Product Stewardship Australia (PSA) is lobbying the government to get an industry funded recycling project off the ground within the next two to three years.
PSA boasts a long list of leading electronic companies as members, including Panasonic, Sony, Samsung, and Philips.
The group estimates that more than 2 million televisions in Australia will end up in landfills this year, which can be particularly dangerous due to the televisions’ levels of lead and mercury, which PSA group members think warrants a country-wide program within the next few years.
“We’re looking for coordination as much as anything else,” said Panasonic spokesman Mark Lenysyzn.
“Definitely assistance with all of the logistical elements, it’s a pretty big task, even at a local level, getting it organised with the local councils.”
The PSA has been negotiating with the Federal Environmental Protection and Heritage Council (EPHC), but the program is yet to attract the attention of the Ministers.
The EPHC says it supports the development of the initiative, but say it needs more information to make the right decisions.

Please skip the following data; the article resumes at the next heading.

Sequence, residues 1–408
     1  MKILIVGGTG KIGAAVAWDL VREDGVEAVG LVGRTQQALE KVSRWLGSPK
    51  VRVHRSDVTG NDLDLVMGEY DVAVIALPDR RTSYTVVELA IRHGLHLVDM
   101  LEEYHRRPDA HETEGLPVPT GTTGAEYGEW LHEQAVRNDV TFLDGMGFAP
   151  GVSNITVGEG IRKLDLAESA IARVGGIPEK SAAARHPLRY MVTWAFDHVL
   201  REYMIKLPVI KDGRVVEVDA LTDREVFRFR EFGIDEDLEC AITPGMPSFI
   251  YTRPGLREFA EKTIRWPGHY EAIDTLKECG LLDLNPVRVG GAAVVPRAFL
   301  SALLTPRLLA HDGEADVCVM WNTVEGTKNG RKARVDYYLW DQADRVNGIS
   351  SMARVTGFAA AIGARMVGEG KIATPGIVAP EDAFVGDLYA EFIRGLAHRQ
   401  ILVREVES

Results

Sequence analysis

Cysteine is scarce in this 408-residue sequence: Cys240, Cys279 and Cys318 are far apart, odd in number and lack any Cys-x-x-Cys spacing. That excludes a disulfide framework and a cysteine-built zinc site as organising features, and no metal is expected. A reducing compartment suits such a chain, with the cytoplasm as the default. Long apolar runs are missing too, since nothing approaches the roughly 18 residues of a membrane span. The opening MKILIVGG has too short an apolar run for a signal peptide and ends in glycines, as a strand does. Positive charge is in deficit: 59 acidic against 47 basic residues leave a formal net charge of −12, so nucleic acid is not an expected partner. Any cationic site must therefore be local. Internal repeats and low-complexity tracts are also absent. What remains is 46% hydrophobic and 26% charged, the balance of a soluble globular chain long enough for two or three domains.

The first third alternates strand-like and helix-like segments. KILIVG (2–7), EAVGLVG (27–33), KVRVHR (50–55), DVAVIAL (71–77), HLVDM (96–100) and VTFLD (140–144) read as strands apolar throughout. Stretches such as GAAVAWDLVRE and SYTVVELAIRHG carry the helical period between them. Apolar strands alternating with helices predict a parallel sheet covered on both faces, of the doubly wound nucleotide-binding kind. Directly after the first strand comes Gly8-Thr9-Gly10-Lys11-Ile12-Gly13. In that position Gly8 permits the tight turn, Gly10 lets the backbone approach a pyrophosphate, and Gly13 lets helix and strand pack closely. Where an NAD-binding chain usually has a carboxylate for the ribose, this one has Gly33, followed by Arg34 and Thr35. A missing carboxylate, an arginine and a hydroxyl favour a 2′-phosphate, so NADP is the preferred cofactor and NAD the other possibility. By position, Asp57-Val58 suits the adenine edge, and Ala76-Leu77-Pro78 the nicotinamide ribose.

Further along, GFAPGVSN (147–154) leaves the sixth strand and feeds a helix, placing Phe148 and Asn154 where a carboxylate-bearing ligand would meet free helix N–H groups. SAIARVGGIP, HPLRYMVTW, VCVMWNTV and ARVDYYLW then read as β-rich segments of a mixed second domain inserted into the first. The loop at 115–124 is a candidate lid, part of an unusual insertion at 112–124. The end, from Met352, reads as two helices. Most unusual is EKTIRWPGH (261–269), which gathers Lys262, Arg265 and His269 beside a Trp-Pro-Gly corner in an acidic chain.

“The industry is frustrated at the slow pace, but for the Government to contemplate regulation, the case must be made showing there is a clear community benefit from regulatory intervention,” said EPHC spokeswoman Heike Phillips.
“Claims about the environmental impacts of TVs need to be demonstrated, as well as the value to the community of a product stewardship scheme for TVs, and the industry has an important role to play in this work.”
There are a few similar small scale recycling programs throughout Australia, but PSA members say it won’t be enough to offset the rapidly rising amount of e-waste.
“It is unrealistic for the burden of this problem to be borne by individual local councils, manufacturers or recycling organisations,” said Steve Rust, managing director, Panasonic Australia.
“This is a significant logistical and educational challenge that needs the full attention of the Federal Government.”
Electronic giants lobby for national television recycling scheme
By Ashley Clark on May 8, 2008 4:13PM